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Power Struggle inside Sinaloa Cartel: El Chapo’s Children Ambushed, Injured

By: Elena Toledo - @NenaToledo - Feb 9, 2017, 2:24 pm
Cártel de Sinaloa
The Mexican “capo”‘s children pointed out in a letter that there is an internal struggle for power within the Sinaloa Cartel (Proyecto 40).

EspañolInternal struggles within the Sinaloa Cartel have reached new heights, as the children of Joaquín “El Chapo” Guzmán were wounded last Saturday during an ambush ordered by another leader within the organization.

Dámaso López, one of the main operators of the Sinaloa Cartel, ordered an attack on the cartel leader’s children last week, in an attempt to gain power within the criminal organization.

Last Thursday, El Chapo’s children sent a handwritten letter stating they were accompanied by Ismael “The May” Zambada, partner and presumed successor of the Sinaloa Cartel, during the attack. The letter has not yet been confirmed by El Chapo’s lawyers.

When they arrived to the meeting place, Guzman’s sons noticed that Lopez was not there and the family’s personal escort was shot and instantly killed on the spot.

According to the letter, when they realized that they had been victims of “treason,” El Chapo’s children and Zambada fled, but found people armed and ready to kill under Damaso’s orders.

 

After traveling several miles, they were injured and aided by locals in a small town. It was not specified whether Zambada also was injured in the incident.

Jose Refugio, Guzman Loera’s attorney, said that though he tried to detach himself from “many issues that do not belong in a legal environment,” he said he had learned about the letter because he was close with his defendant’s family.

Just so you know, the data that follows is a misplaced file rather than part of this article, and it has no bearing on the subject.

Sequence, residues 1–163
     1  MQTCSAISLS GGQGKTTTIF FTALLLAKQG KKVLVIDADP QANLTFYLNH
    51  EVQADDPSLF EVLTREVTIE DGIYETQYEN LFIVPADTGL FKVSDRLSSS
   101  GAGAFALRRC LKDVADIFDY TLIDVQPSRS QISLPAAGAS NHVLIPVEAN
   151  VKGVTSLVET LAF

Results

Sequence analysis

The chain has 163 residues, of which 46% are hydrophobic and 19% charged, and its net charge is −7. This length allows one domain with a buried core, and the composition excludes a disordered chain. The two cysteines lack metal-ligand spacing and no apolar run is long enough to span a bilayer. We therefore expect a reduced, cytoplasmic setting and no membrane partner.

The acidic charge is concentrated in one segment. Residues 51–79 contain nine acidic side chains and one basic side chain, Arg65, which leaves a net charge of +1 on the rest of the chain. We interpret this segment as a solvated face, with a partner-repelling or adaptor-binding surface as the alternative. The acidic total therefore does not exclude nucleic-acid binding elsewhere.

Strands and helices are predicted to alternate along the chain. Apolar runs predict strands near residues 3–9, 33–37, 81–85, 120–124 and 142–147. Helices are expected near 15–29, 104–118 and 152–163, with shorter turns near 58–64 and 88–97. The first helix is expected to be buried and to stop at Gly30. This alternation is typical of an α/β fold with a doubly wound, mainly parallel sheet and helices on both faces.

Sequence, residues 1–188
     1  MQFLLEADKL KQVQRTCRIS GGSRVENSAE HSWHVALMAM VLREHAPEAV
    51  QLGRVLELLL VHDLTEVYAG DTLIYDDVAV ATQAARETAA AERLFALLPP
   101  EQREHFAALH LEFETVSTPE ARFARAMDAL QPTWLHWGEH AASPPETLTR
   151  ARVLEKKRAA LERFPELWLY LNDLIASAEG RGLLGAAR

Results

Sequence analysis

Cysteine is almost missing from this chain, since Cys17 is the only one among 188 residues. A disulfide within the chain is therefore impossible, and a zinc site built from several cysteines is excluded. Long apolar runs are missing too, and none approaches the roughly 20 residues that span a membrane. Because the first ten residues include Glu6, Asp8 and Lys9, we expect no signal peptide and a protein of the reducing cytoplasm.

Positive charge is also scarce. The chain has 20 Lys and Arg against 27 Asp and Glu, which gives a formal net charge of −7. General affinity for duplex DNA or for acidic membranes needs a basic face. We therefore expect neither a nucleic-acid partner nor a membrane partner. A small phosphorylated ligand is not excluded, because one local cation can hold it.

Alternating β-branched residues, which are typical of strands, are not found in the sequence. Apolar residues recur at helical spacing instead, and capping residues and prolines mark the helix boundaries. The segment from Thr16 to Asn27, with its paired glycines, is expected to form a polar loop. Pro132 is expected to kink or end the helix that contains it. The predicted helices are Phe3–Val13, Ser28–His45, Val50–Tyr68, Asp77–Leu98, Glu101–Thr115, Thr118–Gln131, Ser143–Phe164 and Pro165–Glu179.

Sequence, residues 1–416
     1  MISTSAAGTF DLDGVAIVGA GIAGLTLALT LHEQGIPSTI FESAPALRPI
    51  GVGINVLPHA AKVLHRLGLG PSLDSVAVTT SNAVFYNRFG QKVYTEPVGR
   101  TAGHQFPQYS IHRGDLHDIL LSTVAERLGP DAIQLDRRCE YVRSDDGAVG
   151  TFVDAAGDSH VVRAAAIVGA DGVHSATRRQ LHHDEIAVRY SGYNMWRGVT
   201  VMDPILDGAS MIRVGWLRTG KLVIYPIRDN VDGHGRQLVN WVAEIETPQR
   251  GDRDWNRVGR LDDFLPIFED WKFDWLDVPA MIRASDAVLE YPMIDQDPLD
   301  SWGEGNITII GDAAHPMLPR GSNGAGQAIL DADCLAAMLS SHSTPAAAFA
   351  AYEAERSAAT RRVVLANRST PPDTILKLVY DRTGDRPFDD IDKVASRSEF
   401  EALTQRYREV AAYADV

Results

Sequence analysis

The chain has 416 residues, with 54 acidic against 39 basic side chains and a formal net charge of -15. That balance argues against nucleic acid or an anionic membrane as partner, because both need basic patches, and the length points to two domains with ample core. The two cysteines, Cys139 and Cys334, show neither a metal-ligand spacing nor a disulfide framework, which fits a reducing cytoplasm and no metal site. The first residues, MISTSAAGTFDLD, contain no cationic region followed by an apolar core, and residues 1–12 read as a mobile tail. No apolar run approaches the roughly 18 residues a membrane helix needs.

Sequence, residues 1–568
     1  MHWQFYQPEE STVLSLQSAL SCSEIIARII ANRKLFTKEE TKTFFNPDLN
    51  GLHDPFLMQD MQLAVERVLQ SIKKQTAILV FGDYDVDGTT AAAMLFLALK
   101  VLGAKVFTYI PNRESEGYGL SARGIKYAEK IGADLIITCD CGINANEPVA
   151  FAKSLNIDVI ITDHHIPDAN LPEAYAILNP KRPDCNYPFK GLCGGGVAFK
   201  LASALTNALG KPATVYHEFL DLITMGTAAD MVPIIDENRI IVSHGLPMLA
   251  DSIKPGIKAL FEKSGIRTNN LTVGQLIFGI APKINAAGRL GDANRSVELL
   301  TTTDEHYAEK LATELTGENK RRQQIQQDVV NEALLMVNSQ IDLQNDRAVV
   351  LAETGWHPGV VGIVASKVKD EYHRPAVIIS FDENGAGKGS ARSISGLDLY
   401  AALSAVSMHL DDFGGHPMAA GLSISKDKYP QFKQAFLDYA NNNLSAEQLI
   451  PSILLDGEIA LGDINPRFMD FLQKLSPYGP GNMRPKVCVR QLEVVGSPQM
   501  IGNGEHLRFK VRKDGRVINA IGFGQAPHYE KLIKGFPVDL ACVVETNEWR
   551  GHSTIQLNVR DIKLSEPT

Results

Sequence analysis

“It is of my knowledge that the letter is from Guzman’s children, but it is something that I do not have direct proof of,” the attorney said.

Source: El Universal

Elena Toledo Elena Toledo

Educator by trade, social-media apprentice, activist for a democratic Honduras, and free thinker. Follow her on Twitter @NenaToledo.

FARC Again Accuses Colombian Government of Violating Peace Deal

By: Julián Villabona Galarza - Feb 9, 2017, 1:45 pm
The FARC has complained about living conditions in their grouping zones where they will await reintegration into Colombian society (YouTube).

Español Once again, the FARC attacked the Colombian government, alleging that the grouping zones where they are asked to congregate do not conform to the specifications of the peace agreement. The guerrilla group said they were surprised by the conditions of the grouping zones, and blamed the government for not complying with the agreement. The main concerns of the guerrillas are the precarious conditions of their temporary living quarters. They complain that there is no drinking water, showers, toilets, or accommodation, and also complain about lack of places to cook and poor condition of access roads. Read More: FARC and Colombian Government Have Broken Peace Deal Protocol Several Times Read More: WSJ Reports Brazilian Gangs Are Recruiting FARC Members In their statement, the FARC stressed the risk posed by these conditions for female guerrillas who are pregnant or who have had their babies: a FARC demographic which has multiplied exponentially after the lifting of restrictions on childbirth and rearing by the FARC leadership. Finally, they call on the international community and Colombian political sectors to express their views on what they consider to be "state deprivation" and to improve the conditions of the rural zones where they must reintegrate into Colombian civil society, and hand over the weapons according to the terms of the Havana agreement. googletag.cmd.push(function() { googletag.display('div-gpt-ad-1459522593195-0'); }); So far the majority of FARC guerrillas are already in their zones of concentration. For now it is expected that the guerrilla group will begin to release the minors who have been recruited in the coming days, starting with a group that has been reputed to be comprised of 50 minors of age. This achievement has been reached by placing continuous international pressure on the FARC, which long encouraged a policy of recruiting minors of age, particularly from rural mountain and jungle regions. Juan Manuel Santos championed the agreement, which was voted down by narrow margins in a national referendum by the Colombian people. The Colombian Congress subsequently passed a new version of the peace deal. Source: RCN Radio

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